The fee would start at $15 per ton of carbon dioxide in 2020 and increase by $2 per year — plus inflation — until 2035. Seventy percent of the funds raised under the fee would go to pay for "clean air and clean energy" projects, 25 percent for "clean water and forest" projects and 5 percent would help communities adapt to climate change impacts, Pro's Anthony Adragna reports, with estimates suggesting I-1631 could generate $2.3 billion over the first five fiscal years.

Backers of the ballot measure have raised $15.2 million with the help of big-name donors like Gates and Steve Jobs' widow Laurene Powell Jobs, Anthony reports. But they are facing an opposition campaign that has raised nearly $30 million almost entirely from oil and gas companies, including BP America, Phillips 66 and Koch Industries. Opponents say they worry the funds raised by the carbon fee would not be spent effectively but could increase costs for low-income consumers.

One statewide poll from this month put the ballot initiative on course to pass with support of 50 percent of voters versus 36 percent opposed. "We believe strongly that the policy is built to reduce emissions and be effective and that it covers the economy-wide emissions in a reasonable and effective approach," Mike Stevens, state director for the Nature Conservancy, said in an interview. "This is a carefully constructed policy that very carefully evaluated the issues of exemptions and public oversight."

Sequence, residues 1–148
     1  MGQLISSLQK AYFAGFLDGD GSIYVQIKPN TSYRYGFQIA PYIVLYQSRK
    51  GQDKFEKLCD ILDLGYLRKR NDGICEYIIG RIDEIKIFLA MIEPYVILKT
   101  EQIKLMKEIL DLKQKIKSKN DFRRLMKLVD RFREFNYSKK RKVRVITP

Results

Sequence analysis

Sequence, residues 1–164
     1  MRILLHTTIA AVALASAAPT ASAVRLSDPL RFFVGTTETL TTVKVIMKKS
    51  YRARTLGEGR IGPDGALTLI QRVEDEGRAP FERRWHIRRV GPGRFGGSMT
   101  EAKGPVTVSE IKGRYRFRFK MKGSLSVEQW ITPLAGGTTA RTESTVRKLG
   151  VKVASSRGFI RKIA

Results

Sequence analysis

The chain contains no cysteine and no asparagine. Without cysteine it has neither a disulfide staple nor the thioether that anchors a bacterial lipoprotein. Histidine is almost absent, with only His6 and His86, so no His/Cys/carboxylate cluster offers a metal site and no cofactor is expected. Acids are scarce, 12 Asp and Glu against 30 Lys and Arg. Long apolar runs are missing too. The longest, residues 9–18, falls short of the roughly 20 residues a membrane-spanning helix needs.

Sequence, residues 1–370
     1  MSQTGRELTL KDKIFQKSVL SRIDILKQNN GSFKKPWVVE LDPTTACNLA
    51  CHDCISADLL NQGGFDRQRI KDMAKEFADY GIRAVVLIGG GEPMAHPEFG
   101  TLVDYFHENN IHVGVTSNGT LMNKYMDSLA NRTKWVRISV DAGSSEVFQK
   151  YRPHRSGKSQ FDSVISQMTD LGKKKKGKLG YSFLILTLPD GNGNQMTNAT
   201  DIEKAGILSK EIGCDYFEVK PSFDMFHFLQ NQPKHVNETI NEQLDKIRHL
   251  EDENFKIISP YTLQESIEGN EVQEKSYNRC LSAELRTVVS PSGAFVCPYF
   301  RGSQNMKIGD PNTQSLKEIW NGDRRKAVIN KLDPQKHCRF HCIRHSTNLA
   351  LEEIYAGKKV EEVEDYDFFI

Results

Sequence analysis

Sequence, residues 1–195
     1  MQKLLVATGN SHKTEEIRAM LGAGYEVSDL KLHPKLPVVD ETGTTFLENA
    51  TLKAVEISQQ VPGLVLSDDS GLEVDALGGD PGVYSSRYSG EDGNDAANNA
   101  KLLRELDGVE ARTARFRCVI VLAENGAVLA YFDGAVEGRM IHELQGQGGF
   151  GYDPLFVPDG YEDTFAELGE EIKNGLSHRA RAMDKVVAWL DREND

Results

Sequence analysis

Monday, October 29, 2018

Scientists Declare Annual ‘Dead Zone’ Season Off Pacific Coast (Politico, Morning Energy)

(Washington, DC) – State ecologists on the West Coast say there is a new ‘season,’ akin to wildfire season: The time of year in which falling oxygen levels on the seafloor kill off commercial fishermen’s catches.

"We can now say that Oregon has a hypoxia season much like the wildfire season," Francis Chan, co-chair of a California task force tracking the growing problem known as hypoxia, told NPR on Sunday.

It’s become a regular danger: "Every summer we live on the knife's edge and during many years we cross the threshold into danger – including the past two years," Chan said. "When oxygen levels get low enough, many marine organisms who are place-bound, or cannot move away rapidly enough, die of oxygen starvation."